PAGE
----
Careers

Our country is facing a shortage of skilled workers, especially metalworkers. Here in Mississippi, our ability to train greater numbers of metalworkers is considered vital to the state’s growth and future prosperity. That means opportunity for you. Take a minute to learn more about welding, pipefitting, and machining – three in-demand careers offering great pay, benefits, and advancement potential.

Welding

Welders permanently join two pieces of metal into one piece, usually under intense heat. To be a great welder you’ll need good hand-eye coordination, the ability to stay focused, and lots of practice.

There are more than 80 different types of welding, using energy sources like gas flames, electric arcs, lasers, or friction. Welders in Mississippi usually work in the manufacturing or construction industries, helping assemble everything from ocean-going ships to tall buildings.

Demand

Welders are in demand in Mississippi, throughout the country, and around the world. And, according to the U.S. Department of Labor, the demand for welders is expected to continue well into the future. Welding training programs throughout Mississippi all report high job placement rates for students completing their programs and receiving certification.

Training

In Mississippi, national certification to American Welding Society (AWS) standards is available through the Advanced Metalworking Centers for Excellence. Typically, beginning welders will specialize in either arc welding or inert gas welding (MIG or TIG). Some companies offer 3-4 year apprenticeship programs combining full-time employment with community college instruction.

Career Path

Additional training and certification can greatly add to a welder’s earning power. Welders can learn to become a robotic welding machine operator, welding inspector, or supervisor. Welders may also enroll into a four-year college program to become a welding engineer. Experienced supervisors and engineers can work their way up into company management or even ownership.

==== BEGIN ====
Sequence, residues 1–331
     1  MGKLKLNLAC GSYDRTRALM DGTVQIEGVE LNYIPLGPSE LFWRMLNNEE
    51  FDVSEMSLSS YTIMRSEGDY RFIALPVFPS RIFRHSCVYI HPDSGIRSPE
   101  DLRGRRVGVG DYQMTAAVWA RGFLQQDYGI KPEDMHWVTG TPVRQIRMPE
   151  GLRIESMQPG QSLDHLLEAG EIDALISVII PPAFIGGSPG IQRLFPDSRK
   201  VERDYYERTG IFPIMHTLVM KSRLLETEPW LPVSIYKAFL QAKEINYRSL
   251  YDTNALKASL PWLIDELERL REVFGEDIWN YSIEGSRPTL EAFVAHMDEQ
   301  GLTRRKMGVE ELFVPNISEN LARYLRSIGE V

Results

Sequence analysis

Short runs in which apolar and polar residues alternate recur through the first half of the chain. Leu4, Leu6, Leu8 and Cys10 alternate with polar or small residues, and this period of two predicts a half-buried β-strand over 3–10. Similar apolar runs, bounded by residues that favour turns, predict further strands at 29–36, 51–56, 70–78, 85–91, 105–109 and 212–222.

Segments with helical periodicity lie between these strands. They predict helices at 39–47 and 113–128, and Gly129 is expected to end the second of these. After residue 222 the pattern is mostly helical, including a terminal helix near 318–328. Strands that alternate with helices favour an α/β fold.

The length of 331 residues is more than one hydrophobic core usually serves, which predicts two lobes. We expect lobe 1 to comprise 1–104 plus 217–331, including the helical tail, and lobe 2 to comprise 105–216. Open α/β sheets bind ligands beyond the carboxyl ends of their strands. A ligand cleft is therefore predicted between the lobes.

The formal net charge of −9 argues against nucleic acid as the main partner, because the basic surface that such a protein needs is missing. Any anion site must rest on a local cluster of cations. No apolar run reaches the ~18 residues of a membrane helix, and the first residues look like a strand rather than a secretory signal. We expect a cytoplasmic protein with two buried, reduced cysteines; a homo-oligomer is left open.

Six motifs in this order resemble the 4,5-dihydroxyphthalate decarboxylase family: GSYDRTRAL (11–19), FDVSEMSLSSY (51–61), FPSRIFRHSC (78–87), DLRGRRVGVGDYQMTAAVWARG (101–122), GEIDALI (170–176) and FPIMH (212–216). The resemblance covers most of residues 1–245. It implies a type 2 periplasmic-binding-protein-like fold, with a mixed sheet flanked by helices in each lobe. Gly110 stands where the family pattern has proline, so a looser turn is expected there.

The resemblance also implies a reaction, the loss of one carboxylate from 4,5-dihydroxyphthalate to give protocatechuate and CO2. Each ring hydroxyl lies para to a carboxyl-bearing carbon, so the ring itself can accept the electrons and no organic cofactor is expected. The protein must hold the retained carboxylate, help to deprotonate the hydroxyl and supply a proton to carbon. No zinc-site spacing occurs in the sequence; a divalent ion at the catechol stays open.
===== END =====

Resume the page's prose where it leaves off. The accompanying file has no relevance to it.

Pay

Welding careers offer some of the best wages you can earn without a four-year college degree. The average pay for a welder is about $15 per hour and can range up to $25 per hour or more with experience. Keep in mind that opportunities for overtime work are common and earning potential increases with experience, additional certifications, and job duties.

    Machining

    Machinists use a variety of different machine tools, such as lathes, milling machines, and drill presses, to produce precision metal parts or instruments. Machinists may use some manual machines, but computer numerically controlled (CNC) machines and robotics are common today in most manufacturing facilities.

    Demand

    Machinists, especially those with up-to-date skills, have been in high demand in Mississippi in recent years, with manufacturers competing for a short supply of qualified workers. Despite national declines in manufacturing employment, demand for machinists is expected to grow in Mississippi and neighboring states as more manufacturers relocate to the South.